Charles Duke Yonge. The Life of Marie Antoinette
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[Illustration: Marie Antoinette]
THE LIFE OF MARIE ANTOINETTE, QUEEN OF FRANCE.
BY CHARLES DUKE YONGE
The principal authorities for the following work are the four volumes of Correspondence published by M. Arneth, and the six volumes published by M. Feuillet de Conches. M. Arneth's two collections contain not only a number of letters which passed between the queen, her mother the Empress- queen (Maria Teresa), and her brothers Joseph and Leopold, who successively became emperors after the death of their father; but also a regular series of letters from the imperial embassador at Paris, the Count Mercy d'Argenteau, which may almost be said to form a complete history of the court of France, especially in all the transactions in which Marie Antoinette, whether as dauphiness or queen, was concerned, till the death of Maria Teresa, at Christmas, 1780. The correspondence with her two brothers, the emperors Joseph and Leopold, only ceases with the death of the latter in March, 1792.
The collection published by M. Feuillet de Conches has been vehemently attacked, as containing a series of clever forgeries rather than of genuine letters. And there does seem reason to believe that in a few instances, chiefly in the earlier portion of the correspondence, the critical acuteness of the editor was imposed upon, and that some of the letters inserted were not written by the persons alleged to be the authors. But of the majority of the letters there seems no solid ground for questioning the authenticity. Indeed, in the later and more important portion of the correspondence, that which belongs to the period after the death of the Empress-queen, the genuineness of the Queen's letters is continually supported by the collection of M. Arneth, who has himself published many of them, having found them in the archives at Vienna, where M.F. de Conches had previously copied them, and who refers to others, the publication of which did not come within his own plan. M. Feuillet de Conches' work also contains narratives of some of the most important transactions after the commencement of the Revolution, which are of great value, as having been compiled from authentic sources.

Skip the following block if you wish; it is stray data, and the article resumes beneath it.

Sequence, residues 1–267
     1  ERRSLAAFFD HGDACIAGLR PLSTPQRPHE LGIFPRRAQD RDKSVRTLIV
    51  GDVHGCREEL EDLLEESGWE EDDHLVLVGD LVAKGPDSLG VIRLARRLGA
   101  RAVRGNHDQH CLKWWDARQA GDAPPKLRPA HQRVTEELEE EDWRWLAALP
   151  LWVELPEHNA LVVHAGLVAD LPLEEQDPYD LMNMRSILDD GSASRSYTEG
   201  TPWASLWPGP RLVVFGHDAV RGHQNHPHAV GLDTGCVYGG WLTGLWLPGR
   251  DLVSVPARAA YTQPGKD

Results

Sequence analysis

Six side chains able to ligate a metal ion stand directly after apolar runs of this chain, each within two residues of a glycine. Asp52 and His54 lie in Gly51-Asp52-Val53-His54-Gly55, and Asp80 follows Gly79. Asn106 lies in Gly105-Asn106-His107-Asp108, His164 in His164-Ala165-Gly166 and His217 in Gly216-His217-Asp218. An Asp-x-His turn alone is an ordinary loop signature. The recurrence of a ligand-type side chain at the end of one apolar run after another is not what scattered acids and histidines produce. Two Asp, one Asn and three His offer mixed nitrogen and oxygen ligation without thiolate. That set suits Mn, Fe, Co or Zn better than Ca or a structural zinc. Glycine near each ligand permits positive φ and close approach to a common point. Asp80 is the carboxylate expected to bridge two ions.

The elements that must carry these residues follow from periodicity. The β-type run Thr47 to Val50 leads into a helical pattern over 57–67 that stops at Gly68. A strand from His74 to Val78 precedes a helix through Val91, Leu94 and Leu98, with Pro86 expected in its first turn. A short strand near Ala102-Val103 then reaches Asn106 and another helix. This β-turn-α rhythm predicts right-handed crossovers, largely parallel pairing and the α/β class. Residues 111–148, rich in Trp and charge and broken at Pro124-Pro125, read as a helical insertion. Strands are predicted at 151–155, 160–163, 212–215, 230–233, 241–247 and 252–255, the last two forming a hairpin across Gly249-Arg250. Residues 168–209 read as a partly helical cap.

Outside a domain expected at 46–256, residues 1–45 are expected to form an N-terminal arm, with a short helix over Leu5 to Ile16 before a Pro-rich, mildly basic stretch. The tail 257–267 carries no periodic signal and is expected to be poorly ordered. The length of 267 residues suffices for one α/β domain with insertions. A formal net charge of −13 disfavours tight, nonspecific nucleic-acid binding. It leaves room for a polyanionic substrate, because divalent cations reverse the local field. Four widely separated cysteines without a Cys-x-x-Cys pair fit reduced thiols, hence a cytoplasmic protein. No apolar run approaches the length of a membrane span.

Besides these collections, the author has consulted the lives of Marie Antoinette by Montjoye, Lafont d'Aussonne, Chambrier, and the MM. Goncourt; 'La Vraie Marie Antoinette' of M. Lescure; the Memoirs of Mme. Campan, Clery, Hue, the Duchesse d'Angouleme, Bertrand de Moleville ('Memoires Particuliers'), the Comte de Tilly, the Baron de Besenval, the Marquis de la Fayette, the Marquise de Crequy, the Princess Lamballe; the 'Souvenirs de Quarante Ans,' by Mlle. de Tourzel; the 'Diary' of M. de Viel Castel; the correspondence of Mme. du Deffand; the account of the affair of the necklace by M. de Campardon; the very valuable correspondence between the Count de la Marck and Mirabeau, which also contains a narrative by the Count de la Marck of many very important incidents; Dumont's 'Souvenirs sur Mirabeau;' 'Beaumarchais et son Temps,' by M. de Lomenie; 'Gustavus III. et la Cour de Paris,' by M. Geoffroy; the first seven volumes of the Histoire de la Terreur, by M. Mortimer Ternaux; Dr. Moore's journal of his visit to France, and view of the French Revolution; and a great number of other works in which there is cursory mention of different incidents, especially in the earlier part of the Revolution; such as the journals of Arthur Young, Madame de Stael's elaborate treatise on the Revolution; several articles in the last series of the 'Causeries de Lundi,' by Sainte-Beuve, and others in the